You know. I often feel like I am the luckiest in the world, to have the friends that I do. When we moved to Portland, we had no idea the community that was in store for us. We had no idea the friends we would make, the relationships we would have for us and our kids.
I am humbled and blown away to be the one to share with you a sacred piece of my friend Christina’s story.
There are aspects of this journey that take your breath away and cause you to grieve deeply. One of those aspects is helping your child process the hard parts of their story.
On an unseasonably warm night in February, we sit on our front porch with our children gathered around. Our objective is to assemble a new wagon we’ve just bought for our new farm (yes, we bought a farm!). There’s excitement in the air as this wagon will fit all of their toys, plus some of the pets, the neighborhood friends, and a few of their odd inventions.
Stressed out about finances again? Wish you could save more money and eliminate debt? Is that even possible for families who have many children and are in debt from adoption, cars, or other major expenses?
Welcome Back! We are kicking off Season 9 of the Honestly Adoption Podcast with an incredible episode! Brian and Cherie Lowe join our hosts, Mike and Kristin Berry, to talk about why eliminating debt can help bring peace to your home, your heart, and your marriage and share some practical strategies for how you can do this even in a large foster or adoptive family.
We desire to hide our deepest wounds. And rightfully so. We’ve been taught that wounds equal failure. As parents we fear the words “I told you so,” if we revealed our struggles on this journey. But what if our wounds didn’t equal failure? What if they did something bigger than we could imagine?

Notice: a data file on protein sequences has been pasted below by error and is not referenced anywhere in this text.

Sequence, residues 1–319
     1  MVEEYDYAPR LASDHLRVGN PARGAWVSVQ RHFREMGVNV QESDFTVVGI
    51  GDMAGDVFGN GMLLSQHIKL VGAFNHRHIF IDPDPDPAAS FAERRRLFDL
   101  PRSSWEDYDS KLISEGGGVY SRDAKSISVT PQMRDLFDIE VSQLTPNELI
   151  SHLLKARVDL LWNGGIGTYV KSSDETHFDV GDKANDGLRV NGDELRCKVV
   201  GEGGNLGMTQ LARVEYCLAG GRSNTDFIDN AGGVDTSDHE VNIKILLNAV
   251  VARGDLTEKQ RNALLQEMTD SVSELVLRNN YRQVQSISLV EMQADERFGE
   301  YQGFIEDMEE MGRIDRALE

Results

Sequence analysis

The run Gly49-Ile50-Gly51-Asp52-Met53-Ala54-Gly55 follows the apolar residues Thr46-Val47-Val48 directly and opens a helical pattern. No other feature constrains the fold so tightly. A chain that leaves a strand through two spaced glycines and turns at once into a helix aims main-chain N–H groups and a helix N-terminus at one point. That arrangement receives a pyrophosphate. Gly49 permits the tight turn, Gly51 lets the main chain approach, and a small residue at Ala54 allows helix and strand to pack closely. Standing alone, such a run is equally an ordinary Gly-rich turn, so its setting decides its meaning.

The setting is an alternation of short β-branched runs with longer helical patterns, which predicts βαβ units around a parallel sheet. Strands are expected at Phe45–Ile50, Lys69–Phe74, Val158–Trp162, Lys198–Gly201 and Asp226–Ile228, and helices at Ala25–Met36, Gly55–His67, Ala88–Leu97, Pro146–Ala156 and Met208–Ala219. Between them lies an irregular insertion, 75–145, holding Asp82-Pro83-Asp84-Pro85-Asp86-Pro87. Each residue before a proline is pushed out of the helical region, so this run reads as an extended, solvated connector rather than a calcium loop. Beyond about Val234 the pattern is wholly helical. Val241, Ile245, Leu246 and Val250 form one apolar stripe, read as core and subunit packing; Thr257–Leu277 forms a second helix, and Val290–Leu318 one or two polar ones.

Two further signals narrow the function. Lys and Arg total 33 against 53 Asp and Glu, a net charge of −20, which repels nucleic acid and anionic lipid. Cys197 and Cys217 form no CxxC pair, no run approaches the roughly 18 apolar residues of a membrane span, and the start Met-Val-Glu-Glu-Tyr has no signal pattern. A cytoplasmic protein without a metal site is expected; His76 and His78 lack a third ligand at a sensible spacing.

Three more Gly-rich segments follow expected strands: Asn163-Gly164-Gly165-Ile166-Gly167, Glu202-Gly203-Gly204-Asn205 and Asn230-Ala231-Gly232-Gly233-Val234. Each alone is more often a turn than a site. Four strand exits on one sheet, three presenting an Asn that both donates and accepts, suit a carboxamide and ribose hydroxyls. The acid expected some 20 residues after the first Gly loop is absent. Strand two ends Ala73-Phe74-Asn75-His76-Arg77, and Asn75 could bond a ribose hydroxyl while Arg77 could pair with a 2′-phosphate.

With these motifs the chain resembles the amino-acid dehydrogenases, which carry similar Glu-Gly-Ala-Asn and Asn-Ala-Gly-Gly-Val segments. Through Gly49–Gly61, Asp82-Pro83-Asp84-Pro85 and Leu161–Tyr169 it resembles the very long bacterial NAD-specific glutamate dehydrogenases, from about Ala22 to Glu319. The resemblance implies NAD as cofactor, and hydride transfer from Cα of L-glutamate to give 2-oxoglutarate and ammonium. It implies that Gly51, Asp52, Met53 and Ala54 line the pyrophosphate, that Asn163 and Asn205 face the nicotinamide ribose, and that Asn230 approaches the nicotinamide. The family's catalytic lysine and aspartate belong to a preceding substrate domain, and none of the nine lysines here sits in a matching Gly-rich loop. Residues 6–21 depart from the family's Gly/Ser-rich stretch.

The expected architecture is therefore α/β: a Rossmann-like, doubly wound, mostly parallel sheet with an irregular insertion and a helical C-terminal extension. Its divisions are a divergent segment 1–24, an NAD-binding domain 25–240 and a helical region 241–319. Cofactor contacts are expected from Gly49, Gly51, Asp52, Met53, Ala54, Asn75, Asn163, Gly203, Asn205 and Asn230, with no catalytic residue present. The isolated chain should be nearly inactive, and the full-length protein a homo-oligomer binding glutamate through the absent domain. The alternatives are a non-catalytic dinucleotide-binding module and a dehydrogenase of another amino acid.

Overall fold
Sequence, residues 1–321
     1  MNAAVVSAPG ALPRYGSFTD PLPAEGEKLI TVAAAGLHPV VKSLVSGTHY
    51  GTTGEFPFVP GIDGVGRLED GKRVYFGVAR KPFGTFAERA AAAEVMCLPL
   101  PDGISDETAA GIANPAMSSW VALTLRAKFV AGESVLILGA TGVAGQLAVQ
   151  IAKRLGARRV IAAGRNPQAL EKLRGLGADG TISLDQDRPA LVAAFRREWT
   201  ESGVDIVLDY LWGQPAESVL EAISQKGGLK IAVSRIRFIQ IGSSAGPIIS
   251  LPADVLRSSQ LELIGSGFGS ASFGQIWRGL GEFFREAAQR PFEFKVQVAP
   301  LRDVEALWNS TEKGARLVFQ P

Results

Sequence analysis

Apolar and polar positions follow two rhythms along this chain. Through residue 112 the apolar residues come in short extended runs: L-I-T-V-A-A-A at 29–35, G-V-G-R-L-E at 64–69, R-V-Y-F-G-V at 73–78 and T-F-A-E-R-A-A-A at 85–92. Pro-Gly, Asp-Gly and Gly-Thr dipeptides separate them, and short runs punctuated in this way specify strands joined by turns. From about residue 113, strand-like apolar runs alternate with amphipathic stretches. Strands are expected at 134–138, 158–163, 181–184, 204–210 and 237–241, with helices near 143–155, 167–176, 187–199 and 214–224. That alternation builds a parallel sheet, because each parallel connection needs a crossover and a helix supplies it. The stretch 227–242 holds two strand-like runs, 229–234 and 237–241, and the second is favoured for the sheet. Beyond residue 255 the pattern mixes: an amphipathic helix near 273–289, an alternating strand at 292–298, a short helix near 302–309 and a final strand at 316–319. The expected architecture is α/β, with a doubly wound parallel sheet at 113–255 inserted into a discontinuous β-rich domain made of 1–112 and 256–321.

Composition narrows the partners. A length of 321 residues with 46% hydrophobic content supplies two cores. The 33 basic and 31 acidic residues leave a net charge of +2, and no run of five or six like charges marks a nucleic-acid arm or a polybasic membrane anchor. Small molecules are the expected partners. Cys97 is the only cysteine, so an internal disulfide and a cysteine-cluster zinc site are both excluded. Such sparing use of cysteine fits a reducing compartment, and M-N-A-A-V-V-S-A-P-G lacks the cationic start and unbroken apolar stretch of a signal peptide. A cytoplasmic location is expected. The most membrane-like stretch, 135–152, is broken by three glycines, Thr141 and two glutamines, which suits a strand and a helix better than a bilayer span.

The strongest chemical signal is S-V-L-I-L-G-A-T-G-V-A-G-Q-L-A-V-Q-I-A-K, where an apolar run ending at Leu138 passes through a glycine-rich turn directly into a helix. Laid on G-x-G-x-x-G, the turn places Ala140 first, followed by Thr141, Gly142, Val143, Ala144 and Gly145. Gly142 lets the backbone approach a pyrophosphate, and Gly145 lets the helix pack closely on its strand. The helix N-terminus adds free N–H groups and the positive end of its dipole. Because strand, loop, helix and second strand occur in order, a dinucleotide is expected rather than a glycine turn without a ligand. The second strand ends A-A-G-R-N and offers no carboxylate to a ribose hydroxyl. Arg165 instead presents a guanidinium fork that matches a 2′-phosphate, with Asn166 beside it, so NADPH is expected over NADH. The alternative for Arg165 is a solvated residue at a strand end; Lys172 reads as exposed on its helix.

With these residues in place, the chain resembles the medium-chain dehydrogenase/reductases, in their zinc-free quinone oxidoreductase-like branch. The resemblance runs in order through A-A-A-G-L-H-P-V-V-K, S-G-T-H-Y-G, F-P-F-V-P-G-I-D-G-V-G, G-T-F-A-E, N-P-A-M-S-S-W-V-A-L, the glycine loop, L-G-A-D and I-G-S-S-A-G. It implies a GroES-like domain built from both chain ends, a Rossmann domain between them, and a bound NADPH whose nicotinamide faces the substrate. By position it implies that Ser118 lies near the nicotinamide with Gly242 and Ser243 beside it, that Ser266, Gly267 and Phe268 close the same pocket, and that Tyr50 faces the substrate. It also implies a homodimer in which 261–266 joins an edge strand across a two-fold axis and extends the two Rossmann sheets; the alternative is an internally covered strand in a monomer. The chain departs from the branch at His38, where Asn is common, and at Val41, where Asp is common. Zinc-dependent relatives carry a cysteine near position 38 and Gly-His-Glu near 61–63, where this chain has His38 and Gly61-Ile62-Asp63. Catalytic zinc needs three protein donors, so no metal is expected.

I know what you want to do, dear parent.
I know because I’ve sustained the same cold blows from this journey.
You want to hide.
Is it possible to find people who get it? How do I go about connecting with people who won’t judge or criticize me if I’m brutally honest? What about people who will love me and my children even when things get really bad? Where do I find people like that? We’ve had these questions, and more, over the years. Here’s where we’ve found answers…
I heard the bus pull up at the end of our driveway and glanced at the wall clock. My kids were home from school and I had completely lost track of time. I jumped up to unlock the door and smiled widely at my three youngest sons. My 8 year old hugged my waist, my 9 year old threw his backpack across the family room, brushed off my hug and stomped to his room, slamming the door behind him. My 10 year old rolled his eyes and I put my hand on his shoulder to stop him, “Ok, spill it.” He sighed, “Noah wouldn’t leave him alone on the bus. He kept asking about his ‘real’ brothers and sisters. We asked him to stop but he wouldn’t. Noah asked why his ‘real’ mom didn’t want him and then it was time to get off the bus so we all just left.” “Thanks for telling me, I’m sorry that happened to you guys,” I squeezed his shoulder. He smiled a half smile as he looked up at me, “It’s ok, mom, some people just don’t get it.” In our family, we have 8 children all of whom were adopted. We don’t look alike. That fact is usually lost on us until someone else points it out.